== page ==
We’ll have our usual blow-by-blow account from Community Board 3’s SPURA task force meeting in a day or two. In the meantime, here’s a quick update from tonight’s session at P.S. 124 on Division Street.
The committee finally took up the big issue dividing the community: what types of housing should be built on the redevelopment site adjacent to the Williamsburg Bridge.
Urban planner John Shapiro sketched out a scenario for the 7-acre parcel, based on the wishes of community leaders and (perhaps more significantly) financial realities.
Given the city’s insistence that the development pay for itself, Shapiro suggested about half of the project should be devoted to commercial uses — medium box stores, an expanded public market, perhaps a movie theater, community spaces. On the other half, there’s room for around 900-1000 apartments. In order to be economically viable, Shapiro said no more than 50% of those units could be set aside for low income and middle income residents.
There were some pointed questions from task force members about the particulars: why tax credits and federal funds could not be utilized to pay for more affordable housing, how CB3 could be assured the city will carry out its wishes, etc. But for the most part, the discussion was very civil.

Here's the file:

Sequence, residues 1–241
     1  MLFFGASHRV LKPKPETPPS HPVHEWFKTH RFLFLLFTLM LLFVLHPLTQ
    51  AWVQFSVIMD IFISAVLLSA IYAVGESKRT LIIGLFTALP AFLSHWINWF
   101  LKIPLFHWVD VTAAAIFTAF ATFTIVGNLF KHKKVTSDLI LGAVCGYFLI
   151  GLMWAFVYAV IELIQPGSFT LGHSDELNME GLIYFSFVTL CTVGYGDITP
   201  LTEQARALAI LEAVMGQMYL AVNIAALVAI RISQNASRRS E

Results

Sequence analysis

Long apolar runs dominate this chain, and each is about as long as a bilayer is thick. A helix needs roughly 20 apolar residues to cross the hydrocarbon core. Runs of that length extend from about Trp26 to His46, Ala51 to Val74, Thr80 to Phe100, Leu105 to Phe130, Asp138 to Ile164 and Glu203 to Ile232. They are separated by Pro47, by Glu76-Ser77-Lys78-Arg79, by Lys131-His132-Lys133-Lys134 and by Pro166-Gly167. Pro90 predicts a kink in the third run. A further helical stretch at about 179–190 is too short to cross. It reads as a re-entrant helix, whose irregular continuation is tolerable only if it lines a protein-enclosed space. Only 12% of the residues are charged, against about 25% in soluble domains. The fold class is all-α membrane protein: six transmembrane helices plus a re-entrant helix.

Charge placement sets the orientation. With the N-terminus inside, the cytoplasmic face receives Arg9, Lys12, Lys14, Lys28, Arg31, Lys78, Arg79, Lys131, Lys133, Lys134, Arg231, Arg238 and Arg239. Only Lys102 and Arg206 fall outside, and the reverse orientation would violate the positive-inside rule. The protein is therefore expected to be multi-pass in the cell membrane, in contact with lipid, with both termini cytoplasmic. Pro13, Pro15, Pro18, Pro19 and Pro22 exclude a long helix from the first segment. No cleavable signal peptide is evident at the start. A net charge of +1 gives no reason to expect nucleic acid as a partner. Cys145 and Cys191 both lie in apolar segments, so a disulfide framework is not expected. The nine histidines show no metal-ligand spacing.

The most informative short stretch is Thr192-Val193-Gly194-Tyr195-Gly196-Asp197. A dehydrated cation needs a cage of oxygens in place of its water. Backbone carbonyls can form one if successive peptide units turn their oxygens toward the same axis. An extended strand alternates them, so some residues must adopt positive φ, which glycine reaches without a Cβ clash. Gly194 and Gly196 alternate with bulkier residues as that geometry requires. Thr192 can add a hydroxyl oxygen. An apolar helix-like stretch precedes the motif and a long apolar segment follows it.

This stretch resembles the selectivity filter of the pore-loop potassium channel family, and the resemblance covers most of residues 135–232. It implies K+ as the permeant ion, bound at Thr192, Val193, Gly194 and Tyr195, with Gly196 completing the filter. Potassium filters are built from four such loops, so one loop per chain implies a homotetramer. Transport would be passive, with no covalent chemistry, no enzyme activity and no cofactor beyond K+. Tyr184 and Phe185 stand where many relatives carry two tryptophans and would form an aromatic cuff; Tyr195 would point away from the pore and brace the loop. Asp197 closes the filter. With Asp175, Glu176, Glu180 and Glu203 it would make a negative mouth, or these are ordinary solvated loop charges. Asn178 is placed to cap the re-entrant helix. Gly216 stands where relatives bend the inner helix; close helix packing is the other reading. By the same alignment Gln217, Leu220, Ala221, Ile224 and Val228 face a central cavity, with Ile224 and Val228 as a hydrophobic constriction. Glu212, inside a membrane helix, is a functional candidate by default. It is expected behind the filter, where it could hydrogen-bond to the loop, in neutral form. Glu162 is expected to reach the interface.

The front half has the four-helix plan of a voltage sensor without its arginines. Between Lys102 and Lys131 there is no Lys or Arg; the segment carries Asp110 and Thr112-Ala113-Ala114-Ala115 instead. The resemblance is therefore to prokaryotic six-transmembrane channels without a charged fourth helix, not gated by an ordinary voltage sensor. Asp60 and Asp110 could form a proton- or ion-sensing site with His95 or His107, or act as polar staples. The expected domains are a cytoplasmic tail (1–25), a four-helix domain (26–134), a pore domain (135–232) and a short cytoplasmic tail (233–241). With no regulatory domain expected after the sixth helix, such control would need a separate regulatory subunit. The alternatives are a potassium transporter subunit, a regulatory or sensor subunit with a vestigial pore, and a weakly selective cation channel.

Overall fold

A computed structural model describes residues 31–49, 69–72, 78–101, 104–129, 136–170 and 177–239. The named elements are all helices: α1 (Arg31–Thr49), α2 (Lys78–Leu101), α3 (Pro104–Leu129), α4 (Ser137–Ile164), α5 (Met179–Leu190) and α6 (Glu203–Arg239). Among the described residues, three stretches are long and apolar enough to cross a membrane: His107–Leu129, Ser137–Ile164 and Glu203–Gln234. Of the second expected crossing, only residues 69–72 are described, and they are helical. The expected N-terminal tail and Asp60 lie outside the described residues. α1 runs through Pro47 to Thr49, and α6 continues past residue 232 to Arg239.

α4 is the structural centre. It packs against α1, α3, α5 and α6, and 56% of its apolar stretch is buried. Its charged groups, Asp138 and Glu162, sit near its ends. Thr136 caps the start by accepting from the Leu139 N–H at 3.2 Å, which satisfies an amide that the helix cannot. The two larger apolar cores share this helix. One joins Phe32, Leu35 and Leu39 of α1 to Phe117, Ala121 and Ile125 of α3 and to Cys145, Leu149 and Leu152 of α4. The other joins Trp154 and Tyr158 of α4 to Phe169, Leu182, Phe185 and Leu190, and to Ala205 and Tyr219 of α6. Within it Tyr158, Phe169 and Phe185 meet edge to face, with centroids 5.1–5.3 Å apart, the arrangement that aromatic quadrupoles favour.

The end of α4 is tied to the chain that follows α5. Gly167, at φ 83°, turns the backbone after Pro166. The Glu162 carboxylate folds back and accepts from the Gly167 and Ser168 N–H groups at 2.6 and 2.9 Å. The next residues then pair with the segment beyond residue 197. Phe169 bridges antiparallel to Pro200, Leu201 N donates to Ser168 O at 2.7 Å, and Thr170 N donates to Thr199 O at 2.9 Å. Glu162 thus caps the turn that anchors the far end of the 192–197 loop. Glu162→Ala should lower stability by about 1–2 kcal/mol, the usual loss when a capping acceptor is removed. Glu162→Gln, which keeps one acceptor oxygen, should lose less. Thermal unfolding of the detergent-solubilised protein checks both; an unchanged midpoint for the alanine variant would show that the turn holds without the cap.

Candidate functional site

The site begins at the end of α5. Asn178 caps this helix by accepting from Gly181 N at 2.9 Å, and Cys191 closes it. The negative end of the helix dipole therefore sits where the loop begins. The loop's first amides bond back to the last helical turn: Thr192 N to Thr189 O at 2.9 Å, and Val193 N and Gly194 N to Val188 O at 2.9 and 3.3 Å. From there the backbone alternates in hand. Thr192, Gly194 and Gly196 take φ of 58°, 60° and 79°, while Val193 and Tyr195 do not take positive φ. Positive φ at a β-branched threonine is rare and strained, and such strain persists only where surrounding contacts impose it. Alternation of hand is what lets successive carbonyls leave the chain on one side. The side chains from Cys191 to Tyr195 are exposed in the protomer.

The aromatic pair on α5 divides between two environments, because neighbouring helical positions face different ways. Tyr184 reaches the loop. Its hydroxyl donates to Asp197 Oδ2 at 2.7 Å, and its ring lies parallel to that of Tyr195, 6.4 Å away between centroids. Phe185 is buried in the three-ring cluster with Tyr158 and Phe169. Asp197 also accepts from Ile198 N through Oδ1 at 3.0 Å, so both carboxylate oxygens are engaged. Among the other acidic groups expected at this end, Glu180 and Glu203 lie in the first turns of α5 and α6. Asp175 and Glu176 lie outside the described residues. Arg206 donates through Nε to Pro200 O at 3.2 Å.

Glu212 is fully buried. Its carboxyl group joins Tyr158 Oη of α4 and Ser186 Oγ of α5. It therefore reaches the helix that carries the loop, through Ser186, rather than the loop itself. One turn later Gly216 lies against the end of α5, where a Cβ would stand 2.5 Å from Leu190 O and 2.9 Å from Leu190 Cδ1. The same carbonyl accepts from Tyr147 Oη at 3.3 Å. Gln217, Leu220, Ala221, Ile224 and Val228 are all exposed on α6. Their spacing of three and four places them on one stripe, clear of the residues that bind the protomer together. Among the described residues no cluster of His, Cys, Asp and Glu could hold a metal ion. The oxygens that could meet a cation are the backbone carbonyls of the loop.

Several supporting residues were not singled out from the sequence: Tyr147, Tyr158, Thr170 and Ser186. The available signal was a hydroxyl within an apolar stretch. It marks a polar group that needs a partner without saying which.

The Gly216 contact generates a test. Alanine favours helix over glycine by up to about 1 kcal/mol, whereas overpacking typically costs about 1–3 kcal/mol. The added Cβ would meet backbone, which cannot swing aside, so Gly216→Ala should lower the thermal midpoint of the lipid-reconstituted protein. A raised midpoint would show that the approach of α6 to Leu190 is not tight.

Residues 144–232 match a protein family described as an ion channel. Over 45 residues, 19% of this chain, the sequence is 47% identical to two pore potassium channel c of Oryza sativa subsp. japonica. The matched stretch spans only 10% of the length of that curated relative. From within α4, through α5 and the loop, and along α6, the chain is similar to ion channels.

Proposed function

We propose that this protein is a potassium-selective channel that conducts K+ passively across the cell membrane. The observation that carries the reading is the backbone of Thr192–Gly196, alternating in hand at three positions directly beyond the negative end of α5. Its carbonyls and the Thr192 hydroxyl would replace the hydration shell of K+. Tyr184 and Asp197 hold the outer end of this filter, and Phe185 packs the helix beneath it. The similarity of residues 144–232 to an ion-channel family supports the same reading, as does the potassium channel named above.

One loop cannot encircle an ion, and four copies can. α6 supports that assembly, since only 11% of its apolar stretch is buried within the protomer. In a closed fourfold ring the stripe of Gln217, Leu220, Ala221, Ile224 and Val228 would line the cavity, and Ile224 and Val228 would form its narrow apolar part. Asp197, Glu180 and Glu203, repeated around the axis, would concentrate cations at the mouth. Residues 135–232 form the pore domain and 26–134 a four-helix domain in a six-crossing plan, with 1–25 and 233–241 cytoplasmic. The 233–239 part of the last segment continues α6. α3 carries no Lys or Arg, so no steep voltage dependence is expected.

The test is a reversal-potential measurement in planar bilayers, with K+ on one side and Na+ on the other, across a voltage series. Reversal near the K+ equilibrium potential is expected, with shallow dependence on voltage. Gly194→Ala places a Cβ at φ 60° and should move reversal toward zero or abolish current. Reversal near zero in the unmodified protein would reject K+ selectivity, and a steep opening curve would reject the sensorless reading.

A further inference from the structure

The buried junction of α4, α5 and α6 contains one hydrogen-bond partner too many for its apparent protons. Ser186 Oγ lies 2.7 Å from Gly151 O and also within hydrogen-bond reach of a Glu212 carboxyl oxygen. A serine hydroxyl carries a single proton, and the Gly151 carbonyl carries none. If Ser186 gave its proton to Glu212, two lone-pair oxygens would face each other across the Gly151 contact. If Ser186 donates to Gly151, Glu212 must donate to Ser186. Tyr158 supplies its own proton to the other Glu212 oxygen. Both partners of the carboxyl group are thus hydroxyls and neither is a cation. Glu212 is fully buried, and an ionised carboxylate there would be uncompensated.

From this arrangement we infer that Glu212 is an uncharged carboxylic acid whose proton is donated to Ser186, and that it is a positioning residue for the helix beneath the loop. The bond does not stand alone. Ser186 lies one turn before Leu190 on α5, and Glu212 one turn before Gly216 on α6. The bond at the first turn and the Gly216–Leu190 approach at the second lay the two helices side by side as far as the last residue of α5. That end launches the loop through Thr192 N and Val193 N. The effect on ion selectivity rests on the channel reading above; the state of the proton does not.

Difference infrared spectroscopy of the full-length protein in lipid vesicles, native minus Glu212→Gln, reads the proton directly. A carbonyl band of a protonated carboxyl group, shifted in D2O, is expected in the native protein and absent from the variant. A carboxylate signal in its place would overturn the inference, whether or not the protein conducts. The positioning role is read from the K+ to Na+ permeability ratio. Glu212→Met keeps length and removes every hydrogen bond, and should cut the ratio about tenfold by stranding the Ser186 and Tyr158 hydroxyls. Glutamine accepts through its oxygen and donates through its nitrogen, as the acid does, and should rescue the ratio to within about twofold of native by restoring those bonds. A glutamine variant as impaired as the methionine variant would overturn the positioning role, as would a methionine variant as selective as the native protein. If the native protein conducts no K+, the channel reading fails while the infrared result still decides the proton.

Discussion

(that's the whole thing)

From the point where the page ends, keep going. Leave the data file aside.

On one hand, it appears committee members are more amenable to compromise than in the past. But also, no one seemed anxious to move beyond the financial discussion to a more free-flowing debate about the Lower East Side’s future. Some members believe the task force should honestly discuss big issues SPURA embodies: gentrification, affordable housing and the changing character of the neighborhood. But given the angry, racially tinged shouting matches that have characterized SPURA talks in previous decades, there doesn’t seem to be much appetite for this kind of melee.
Shapiro noted City Councilmember Margaret Chin has already endorsed the SPURA process. He urged committee members to reach out to other elected officials (who he did not name) — with the goal of getting them engaged in the redevelopment campaign.
Although tonight’s session was supposed to be the final facilitated session, city officials announced Shapiro would be coming back next month to continue working with the committee.